Wednesday, October 17, 2012

Health Assessment Midterm Exam

Well, that was an interesting exam!

What a strange exam. We were told about the types of questions we'd encounter, so it wasn't a surprise, but actually writing it was a very odd experience.  An experience I best get used to, and quickly!

The exam was all multiple choice, but included in the answers, were several correct choices. It was up to us to choose the "most correct" choice of the correct choices (follow that???)

From what I understand, these are the types of questions we'll be asked when writing the CRNE, or the Canadian Registered Nurse Examination -- "the" exam we must write (and pass!) after four years of nursing school are finished. 

"The purpose of the CRNE is to protect the public by ensuring that the entry-level registered nurse possesses the competencies required to practise safely and effectively."

It is an exam that essentially tests us on everything we learned in nursing school. And even if someone graduates with honours from their BScN, if they don't pass this exam (which would be odd, I know, but I'm trying to make a point here!), they will not be licensed to practice in Canada.
No license = no work.

Getting back to yesterday's exam. There were enough "regular" questions on it (i.e. those with a clearly correct answer), that I know I did well enough on it. I think I was able to pick the 'best answer' for the more complicated ones, but until I see the results, I won't know for certain. What a strange feeling.

For the better part of yesterday, I found my mind wandering back to several of the questions that were particularly tricky, analysing the various answer options. And this morning, I am no further ahead in trying to figure out if I choose the right answer or not!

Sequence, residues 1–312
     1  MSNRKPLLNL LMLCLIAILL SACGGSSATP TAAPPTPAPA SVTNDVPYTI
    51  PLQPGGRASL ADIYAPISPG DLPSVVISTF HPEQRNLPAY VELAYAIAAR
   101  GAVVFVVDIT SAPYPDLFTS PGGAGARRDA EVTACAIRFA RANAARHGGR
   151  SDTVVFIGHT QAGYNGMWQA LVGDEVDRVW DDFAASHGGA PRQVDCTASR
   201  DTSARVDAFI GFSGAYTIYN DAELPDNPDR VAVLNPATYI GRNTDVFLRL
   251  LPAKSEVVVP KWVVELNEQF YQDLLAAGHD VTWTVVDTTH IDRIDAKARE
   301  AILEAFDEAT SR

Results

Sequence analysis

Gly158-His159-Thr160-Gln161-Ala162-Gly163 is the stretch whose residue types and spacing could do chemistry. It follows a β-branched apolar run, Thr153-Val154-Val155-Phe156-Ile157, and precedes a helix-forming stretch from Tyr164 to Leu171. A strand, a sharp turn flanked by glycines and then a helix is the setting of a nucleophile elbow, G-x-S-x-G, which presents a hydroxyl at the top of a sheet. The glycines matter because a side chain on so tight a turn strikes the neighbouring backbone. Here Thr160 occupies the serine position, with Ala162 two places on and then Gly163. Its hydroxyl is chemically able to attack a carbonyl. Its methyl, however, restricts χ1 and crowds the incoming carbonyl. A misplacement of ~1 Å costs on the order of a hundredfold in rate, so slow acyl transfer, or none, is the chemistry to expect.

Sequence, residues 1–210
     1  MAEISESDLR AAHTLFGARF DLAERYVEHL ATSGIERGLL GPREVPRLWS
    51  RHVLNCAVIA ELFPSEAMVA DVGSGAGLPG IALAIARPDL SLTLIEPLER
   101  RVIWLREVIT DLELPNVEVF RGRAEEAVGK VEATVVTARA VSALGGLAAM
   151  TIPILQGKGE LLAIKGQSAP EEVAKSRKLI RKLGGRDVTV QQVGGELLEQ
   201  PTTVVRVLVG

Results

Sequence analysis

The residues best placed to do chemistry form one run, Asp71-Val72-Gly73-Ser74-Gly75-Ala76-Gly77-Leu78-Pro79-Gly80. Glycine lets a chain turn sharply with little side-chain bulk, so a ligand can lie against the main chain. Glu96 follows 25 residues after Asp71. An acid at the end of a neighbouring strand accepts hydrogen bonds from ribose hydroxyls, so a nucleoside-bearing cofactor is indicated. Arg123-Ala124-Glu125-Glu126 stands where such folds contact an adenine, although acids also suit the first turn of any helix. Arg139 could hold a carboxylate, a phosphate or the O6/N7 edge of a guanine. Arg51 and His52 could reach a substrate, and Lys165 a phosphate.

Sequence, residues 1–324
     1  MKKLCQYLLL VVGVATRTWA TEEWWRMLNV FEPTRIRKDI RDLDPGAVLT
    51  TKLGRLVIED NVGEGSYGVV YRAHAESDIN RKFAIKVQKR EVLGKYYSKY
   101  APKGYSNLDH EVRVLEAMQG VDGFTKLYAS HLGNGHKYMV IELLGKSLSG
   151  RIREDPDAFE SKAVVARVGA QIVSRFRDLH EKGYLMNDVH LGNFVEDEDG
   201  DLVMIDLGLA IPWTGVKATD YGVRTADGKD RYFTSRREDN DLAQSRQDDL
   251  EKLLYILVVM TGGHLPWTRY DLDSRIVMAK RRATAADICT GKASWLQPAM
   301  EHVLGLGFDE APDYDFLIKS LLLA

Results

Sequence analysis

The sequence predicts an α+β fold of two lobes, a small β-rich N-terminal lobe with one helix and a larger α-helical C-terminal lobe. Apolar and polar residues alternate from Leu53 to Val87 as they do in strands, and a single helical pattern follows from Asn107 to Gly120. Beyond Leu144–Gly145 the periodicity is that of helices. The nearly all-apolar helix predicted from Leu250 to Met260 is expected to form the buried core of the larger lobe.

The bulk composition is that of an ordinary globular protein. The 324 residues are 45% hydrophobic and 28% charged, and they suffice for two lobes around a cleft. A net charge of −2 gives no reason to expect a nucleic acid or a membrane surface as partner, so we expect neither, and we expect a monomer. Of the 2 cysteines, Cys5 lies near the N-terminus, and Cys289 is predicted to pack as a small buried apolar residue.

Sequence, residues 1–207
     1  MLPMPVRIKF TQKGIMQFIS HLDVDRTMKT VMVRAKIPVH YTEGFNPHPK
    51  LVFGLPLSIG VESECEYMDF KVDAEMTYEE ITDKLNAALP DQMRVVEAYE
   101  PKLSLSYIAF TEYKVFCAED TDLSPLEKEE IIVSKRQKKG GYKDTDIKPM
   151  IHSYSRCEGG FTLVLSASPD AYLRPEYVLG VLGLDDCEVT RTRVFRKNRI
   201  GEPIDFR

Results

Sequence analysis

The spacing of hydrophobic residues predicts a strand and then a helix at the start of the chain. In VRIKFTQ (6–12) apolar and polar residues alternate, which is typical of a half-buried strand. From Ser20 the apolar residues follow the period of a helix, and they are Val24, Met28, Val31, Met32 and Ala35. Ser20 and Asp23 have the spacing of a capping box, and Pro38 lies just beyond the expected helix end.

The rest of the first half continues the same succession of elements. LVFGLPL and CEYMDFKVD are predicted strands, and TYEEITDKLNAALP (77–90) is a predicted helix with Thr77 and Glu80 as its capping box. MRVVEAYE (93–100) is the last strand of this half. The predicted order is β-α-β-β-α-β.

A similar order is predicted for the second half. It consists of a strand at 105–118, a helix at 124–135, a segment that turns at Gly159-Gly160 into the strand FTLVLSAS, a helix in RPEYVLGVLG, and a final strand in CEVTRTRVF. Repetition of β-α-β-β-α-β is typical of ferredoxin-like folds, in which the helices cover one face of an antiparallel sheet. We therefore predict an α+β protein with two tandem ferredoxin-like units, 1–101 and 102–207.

I think this type of exam will become easier, when we have actual EXPERIENCE.  It is one thing to learn about best-practice health assessment interview techniques from a textbook, and completely another to actually do it on real patients.  (Sim lab experience doesn't count for me in this case, as my partner and I are model patients with each other!!!)  

I best just focus on the next two upcoming exams, as those are ones I can still do something about. Yesterday's exam is over and done.

Pathophysiology, here I come...

Sunday, October 14, 2012

Simulation Labs

Sim labs are great.

Every Friday we (finally!) get to wear our brand new scrubs and casually toss our Littmanns around our necks as we parade into the lab. We get to look like the medical professionals that we aspire to be...our reality is quite the opposite!

Honestly, I love simulation lab. I have a great lab partner, Z, who gives what she gets from me. We learn from each other, and we don't hesitate to give each other feedback. We each have three kids. I didn't mind her examining my post-kids abdomen. She rocks!

In the sim lab, we are now saying sentences to each other, sentences I never thought I'd be saying, like, "Of course you don't hear anything well through your stethoscope, Z, you've put it in your ears backwards!"

And I get it back from her, "Umm, Kate, I think percussing the dorsal chest means percuss my BACK, not my FRONT chest!" (OOPS, that was awkward!!!...and I've known the difference between dorsal and ventral/anterior and posterior, since high school...)

It is just suddenly so different when doing it in a (quasi)medical context.

All I can say is "thank goodness" we have this semester to practice on each other, and our new buddy SAM, the Student Ascultation Mannequin, before we're let loose on the unsuspecting public, when clinical rotations start in January!!!

Bring it on!!!

Monday, October 8, 2012

Thursday, October 4, 2012

First midterm exam

Last night I got to write my first mid-term exam for second year nursing school.

It was on "lifespan psychology", which, I must admit, is a course I am having trouble linking its real value, to nursing. I'm hoping it will get more interesting/useful as time goes on, but the first exam focused heavily on theories -- Piaget's theory, Erikson, Pavlov, Bronfenbrenner, Watson, Skinner, Bandura, and on and on....